Politically, casemix permits governments to distance themselves from the consequences of their chronic under-funding of public health. Hospitals compete with each other, imposing their own rationing devices. AMA state president Dr Harry Hemley told the media last month: “Patients are still being churned through the system, but we’re seeing more and more shortfalls in equipment, quality assurance, training, research and programs to keep patients out of hospital.”

It is widely acknowledged that casemix disadvantages smaller hospitals that cannot take advantage of economies of scale—so much so that the Victorian government has been compelled, for electoral reasons, to exempt most rural and regional hospitals from the strict application of the system.

Less known is the fact that casemix is inherently weighted against hospitals in working class and disadvantaged areas, and those with higher numbers of indigenous patients. These hospitals often have to deal with more chronic, serious and complex health issues. Expensive emergency cases represent a higher proportion of their work.

Few studies have examined this. One major Belgian investigation of casemix funding in 60 hospitals, published in 2008, found that low socio-economic status patients have, on average, up to 24 percent longer lengths of stay. It concluded that casemix effectively “penalises hospitals treating a high percentages of low-income people”.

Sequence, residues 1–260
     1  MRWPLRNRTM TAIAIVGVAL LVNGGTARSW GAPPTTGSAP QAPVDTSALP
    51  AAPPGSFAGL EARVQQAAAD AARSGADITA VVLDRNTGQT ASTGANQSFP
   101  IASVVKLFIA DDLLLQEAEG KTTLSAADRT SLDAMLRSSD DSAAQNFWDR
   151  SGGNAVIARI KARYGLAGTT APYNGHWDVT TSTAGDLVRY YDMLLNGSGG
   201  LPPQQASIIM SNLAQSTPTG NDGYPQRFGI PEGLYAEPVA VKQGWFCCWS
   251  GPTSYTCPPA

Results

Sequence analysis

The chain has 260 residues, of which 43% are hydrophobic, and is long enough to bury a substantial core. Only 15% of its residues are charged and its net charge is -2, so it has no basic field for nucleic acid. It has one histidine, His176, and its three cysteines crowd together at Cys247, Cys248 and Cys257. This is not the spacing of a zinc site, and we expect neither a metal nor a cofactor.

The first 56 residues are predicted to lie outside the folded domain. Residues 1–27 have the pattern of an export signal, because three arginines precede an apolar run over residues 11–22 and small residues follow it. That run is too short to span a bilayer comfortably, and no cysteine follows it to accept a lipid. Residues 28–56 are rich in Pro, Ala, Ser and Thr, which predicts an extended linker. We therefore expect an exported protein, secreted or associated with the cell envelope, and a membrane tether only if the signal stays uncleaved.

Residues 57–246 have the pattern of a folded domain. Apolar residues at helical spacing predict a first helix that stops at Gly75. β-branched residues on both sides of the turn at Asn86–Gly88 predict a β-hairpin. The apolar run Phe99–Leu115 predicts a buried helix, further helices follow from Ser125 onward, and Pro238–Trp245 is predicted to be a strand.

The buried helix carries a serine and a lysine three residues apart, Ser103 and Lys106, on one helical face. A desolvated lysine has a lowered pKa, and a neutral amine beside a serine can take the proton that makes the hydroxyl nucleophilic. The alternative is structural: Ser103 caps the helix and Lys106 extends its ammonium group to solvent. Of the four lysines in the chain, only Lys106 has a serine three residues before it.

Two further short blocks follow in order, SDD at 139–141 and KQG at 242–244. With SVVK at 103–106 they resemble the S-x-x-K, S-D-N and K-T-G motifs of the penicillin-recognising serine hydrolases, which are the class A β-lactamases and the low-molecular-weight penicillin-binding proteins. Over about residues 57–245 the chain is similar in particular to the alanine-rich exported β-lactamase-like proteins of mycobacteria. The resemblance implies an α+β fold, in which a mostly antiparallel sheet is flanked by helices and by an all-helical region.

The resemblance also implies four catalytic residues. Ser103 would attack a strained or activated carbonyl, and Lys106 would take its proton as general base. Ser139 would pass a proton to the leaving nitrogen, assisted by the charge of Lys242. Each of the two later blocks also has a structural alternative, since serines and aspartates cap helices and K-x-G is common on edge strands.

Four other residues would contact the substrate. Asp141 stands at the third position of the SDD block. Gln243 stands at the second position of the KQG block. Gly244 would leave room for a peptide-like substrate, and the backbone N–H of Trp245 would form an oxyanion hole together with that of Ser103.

The Belgian experience also highlights the spreading use of casemix internationally, as governments move to outdo each other in curtailing public health care budgets. As with every other aspect of global competitiveness, this is a race without a finishing line, as governments seek to cut public spending and deliver tax advantages to their corporate elites.

Since the current global financial crisis began, the process has been intensified. Health care “reform” has become a central feature of the program being demanded by big business and the banks to restructure every economy at the expense of the working class. Casemix is a key tool in that agenda.